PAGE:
Code of Conduct

All MOPS Australia personnel are required to comply with the MOPS Australia Code of Conduct.

Statement of Commitment

MOPS Australia deplores acts of sexual molestation, abuse and other forms of harassment and holds firmly to the Christian belief that all children and vulnerable people deserve to be treated with love, respect, dignity and in safety.

  1. MOPS Australia is committed to providing a safe and secure environment for all MOPS leaders, helpers and participants, including children.
  2. MOPS Australia will work for the protection of children and other vulnerable people from sexual molestation and abuse, harassment, physical harm, emotional abuse and neglect.
  3. MOPS Australia will comply with all relevant state and territory legislation regarding molestation, harm and harassment as a minimum standard of behaviour.

All leaders, board members and other volunteers of MOPS Australia are required to behave with a high level of integrity and character.  All MOPS Australia personnel are responsible for supporting the safety, participation, wellbeing and empowerment of children and vulnerable people by:

  • Upholding the MOPS Australia statement of commitment to safety at all times, taking all reasonable steps to protect people from harm.
  • Treating everyone with respect.
  • Listening and responding to the views and concerns of children, particularly if they are telling you that they or another child has been abused and/or are worried about their safety or the safety of another.
  • Taking care to keep babies safe and comfortable.
  • Responding with compassion to a crying baby or toddler, endeavouring to find and rectify the cause of distress. If the baby continues to cry, advise the mother.
  • Promoting the cultural safety, inclusion and empowerment of children irrespective of their origin, their culture, their ability or disability, or their diverse background. (eg. by having a zero tolerance of discrimination).
  • Ensuring as far as practicable that adults are not left alone with a child (this includes when transporting children).
  • Avoiding personal counselling in a one-on-one situation with vulnerable people, members of the opposite sex or children. It is preferable to have a third person present.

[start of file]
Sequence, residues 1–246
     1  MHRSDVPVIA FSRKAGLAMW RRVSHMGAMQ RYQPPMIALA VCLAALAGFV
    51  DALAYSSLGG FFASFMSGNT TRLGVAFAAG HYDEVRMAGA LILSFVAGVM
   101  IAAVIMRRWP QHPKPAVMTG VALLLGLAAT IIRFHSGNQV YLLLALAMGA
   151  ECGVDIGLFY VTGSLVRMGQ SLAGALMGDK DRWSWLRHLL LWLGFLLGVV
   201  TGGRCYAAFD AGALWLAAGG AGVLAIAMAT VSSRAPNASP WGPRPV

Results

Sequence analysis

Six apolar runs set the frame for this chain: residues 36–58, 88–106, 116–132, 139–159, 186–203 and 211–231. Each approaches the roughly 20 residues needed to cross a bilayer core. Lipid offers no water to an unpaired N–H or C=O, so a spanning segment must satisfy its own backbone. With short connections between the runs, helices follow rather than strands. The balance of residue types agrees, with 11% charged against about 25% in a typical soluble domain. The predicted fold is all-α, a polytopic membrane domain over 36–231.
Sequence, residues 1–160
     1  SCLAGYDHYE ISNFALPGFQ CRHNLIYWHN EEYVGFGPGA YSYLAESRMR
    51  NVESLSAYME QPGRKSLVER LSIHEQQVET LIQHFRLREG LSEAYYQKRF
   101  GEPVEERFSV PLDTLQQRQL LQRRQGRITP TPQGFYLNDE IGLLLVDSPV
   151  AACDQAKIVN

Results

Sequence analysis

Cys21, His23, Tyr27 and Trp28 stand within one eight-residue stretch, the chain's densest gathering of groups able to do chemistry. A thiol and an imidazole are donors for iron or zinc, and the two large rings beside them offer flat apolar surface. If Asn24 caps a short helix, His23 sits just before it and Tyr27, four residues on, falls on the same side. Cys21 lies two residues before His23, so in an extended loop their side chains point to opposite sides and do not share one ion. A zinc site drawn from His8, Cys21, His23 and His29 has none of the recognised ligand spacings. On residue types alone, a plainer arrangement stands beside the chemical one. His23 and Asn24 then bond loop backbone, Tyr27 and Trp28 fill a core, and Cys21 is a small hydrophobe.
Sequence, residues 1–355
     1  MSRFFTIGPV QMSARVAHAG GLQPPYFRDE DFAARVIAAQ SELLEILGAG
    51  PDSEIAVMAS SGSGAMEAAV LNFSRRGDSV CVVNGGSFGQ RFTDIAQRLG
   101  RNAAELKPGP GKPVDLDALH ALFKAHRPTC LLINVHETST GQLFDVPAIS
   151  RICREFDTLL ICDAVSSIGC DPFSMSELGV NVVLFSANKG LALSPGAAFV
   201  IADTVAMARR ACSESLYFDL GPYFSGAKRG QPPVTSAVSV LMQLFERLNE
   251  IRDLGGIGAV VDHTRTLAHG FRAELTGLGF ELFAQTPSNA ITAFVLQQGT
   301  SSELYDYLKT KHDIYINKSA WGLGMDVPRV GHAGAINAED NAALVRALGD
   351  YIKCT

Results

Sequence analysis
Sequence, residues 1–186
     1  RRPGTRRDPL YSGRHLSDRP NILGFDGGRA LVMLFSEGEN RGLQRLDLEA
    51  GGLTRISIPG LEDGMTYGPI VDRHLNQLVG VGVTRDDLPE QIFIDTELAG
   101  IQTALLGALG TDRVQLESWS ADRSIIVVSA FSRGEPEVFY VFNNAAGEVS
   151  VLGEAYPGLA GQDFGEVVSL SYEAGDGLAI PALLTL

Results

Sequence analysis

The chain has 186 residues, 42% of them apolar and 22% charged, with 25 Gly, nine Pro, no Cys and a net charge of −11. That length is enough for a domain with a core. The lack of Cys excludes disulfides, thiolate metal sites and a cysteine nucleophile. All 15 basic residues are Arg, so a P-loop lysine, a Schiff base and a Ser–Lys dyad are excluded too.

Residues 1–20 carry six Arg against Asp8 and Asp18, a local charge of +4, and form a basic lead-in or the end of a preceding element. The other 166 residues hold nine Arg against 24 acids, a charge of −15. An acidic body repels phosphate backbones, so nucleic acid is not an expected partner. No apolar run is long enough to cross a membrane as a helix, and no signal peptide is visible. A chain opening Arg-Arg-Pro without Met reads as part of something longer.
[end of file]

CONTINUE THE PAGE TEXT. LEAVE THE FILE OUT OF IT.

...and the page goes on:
• Understanding that ‘helpers’ must be supervised by a leader at all times and will be accountable to that leader. Helpers who are placed on a roster, or who volunteer more than a six times per year are considered leaders and must go through the full volunteer application procedure.
  • Respecting the primary care, disciplinary and educational role of parents.
  • Having zero tolerance for bullying of any kind.
  • Reporting any allegations of child abuse to MOPS Australia leadership, and ensure they report any allegation to the police or child protection.
  • Reporting any child safety concerns to the leadership
  • If a current allegation of child abuse is made, ensure as quickly as possible that the child(ren) are removed from the situation and are safe.
  • Encouraging children to ‘have a say’ and participate in all relevant organisational activities where possible, especially on issues that are important to them.

MOPS Australia personnel must not:

  • Develop any ‘special’ relationships with a participating child that could be seen as favouritism (for example, the offering of gifts or special treatment for specific children).
  • Exhibit behaviours with children which may be construed as unnecessarily physical (for example inappropriate sitting on laps. Sitting on laps could be appropriate sometime, for example while reading a storybook to a small child in an open plan area).
  • Put children at risk of abuse through lack of appropriate supervision or care.
  • Do things of a personal nature that a child can do for themselves, such as toileting or changing clothes.
  • Engage in open discussions of a mature or adult nature that are inappropriate in the presence of children.
  • Use inappropriate language/innuendo, or dress suggestively in the presence of children/vulnerable people.
  • Punish a child in any way. If simple guidance and diversion are ineffective the parent should be involved.
  • Discriminate against any person, including because of culture, race, ethnicity or disability
  • Ignore or disregard any suspected or disclosed abuse.

 

Photo by Aditya Romansa on Unsplash